It really is. That's how I listen to the music I listen to. I love physical media, the artwork and the connection with how it's played. The needle and the groove ... maybe it's romantic, but I can't explain why I like it. Music has come a really long way, but I still love to go to a record store and just look through albums, picking something out, and going home and listening to it. It's like an occasion; there's something about physical media that is a little more sacred in that respect. It's not just on in the background.

"I love physical media, the artwork and the connection with how it's played. The needle and the groove ... maybe it's romantic, but I can't explain why I like it."

What's your go-to record store in Minnesota?

It's called Solid State. It's new; I don't even think it's two years old.

One of my favorite shops in the whole country used to be Treehouse Records in Minneapolis. I'm bummed they've closed their doors permanently. 

Yeah, it's really hard to keep a shop alive. I was surprised to see Solid State open. It's all vinyl and cassettes. They don't even have CDs, but they sell record players and stuff like that, so it's like a vinyl culture hangout. It has more of a niche than the bigger shops maybe, and they seem to be doing well. They take a good amount of money from me, I'll tell you that. [Laughs]

When you guys were all doing your own thing, you were focused on Dead Man Winter. That came at a tough time for you, as you went through the experience of divorce. Was it therapeutic to come back to Trampled By Turtles following all of that?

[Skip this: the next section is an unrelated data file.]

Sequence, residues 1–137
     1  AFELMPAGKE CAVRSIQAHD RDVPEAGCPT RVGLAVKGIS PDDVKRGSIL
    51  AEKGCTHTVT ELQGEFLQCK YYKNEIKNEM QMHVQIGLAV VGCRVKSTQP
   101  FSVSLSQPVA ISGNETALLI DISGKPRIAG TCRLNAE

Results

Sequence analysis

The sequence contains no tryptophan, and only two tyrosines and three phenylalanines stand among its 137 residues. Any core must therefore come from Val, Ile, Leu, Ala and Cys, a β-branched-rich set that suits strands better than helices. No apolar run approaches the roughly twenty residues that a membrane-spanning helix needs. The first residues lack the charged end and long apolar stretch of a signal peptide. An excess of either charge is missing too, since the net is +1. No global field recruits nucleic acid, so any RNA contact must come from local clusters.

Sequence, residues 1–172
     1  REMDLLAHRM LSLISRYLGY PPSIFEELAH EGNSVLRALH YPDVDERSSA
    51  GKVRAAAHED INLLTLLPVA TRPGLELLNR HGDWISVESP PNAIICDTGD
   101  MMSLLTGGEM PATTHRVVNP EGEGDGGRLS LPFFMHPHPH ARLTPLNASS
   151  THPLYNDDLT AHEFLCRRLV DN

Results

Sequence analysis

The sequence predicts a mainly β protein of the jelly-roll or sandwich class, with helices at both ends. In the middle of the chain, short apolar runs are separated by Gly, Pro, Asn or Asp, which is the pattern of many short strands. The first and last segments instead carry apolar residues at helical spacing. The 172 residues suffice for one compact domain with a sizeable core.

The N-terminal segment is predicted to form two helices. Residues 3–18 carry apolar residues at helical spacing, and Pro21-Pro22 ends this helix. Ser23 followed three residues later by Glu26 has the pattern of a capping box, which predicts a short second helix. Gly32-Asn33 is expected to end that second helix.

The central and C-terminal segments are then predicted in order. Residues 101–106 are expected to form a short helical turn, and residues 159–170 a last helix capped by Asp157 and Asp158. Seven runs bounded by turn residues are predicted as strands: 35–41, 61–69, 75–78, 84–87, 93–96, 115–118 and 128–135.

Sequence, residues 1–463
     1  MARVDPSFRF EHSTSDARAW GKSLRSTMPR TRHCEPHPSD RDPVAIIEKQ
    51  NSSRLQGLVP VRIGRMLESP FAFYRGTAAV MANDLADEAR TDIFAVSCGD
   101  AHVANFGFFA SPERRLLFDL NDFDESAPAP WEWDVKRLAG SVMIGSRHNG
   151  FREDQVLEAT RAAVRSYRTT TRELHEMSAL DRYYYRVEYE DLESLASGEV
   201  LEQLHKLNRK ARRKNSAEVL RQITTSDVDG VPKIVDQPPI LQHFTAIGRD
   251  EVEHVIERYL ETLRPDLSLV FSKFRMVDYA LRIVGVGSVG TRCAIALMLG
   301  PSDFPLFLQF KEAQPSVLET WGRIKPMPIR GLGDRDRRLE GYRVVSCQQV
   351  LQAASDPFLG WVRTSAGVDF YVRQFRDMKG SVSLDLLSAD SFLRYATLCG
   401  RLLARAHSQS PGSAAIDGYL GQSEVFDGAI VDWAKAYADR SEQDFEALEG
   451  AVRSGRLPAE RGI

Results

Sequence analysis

Yeah, I think that's the right word ... The Dead Man Winter project was very therapeutic, but more so in the writing and recording. Touring was a blast, but to be honest with you, by the end of it, I was sick of talking about it and kind of sick of singing some of the songs. In my line of work, it's weird that your personal stuff becomes so public, you know? It was good for me to do that artistically, it allowed me to vent, but when it's every night in front of a crowd of people, it kind of made me go the other way. I didn't really want that anymore. It was good to shift gears to Trampled and to shift the focus off of me. It was good to get back into the band. There's probably some things I would've done differently, but I don't regret doing Dead Man Winter at all. It was a great learning experience.

And now you can move on from talking to strangers on the phone about all of it.

I don't know if you've ever been divorced, man, but about the third time I had to talk about it I started thinking, "God, what did I do?" [Laughs]

Strangely, out of that misery and trouble, you were brought back to Trampled By Turtles. It's kind of beautiful.

I'm happy about that. Thank you.

Well, it's a nice return for you, but Life Is Good on the Open Road is also a nice return for Trampled and the band's fans.

[Laughs] It felt like making a record in 2005 for us, the way we did it. We booked two weeks in a studio and did the thing in five days, we ended up mixing the whole record while we were there.

So, what's on the horizon for you guys now? 

I can't look any farther than getting this record out and touring. [Laughs] People change their minds so fast, it's hard to predict the future. For us right now, I'm excited to get back into the motions of touring with the band and getting these songs broken in on stage and getting comfortable. There's a lot of excitement, but we're all a little nervous about it, but I feel like once we get rolling, it's going to be pretty great.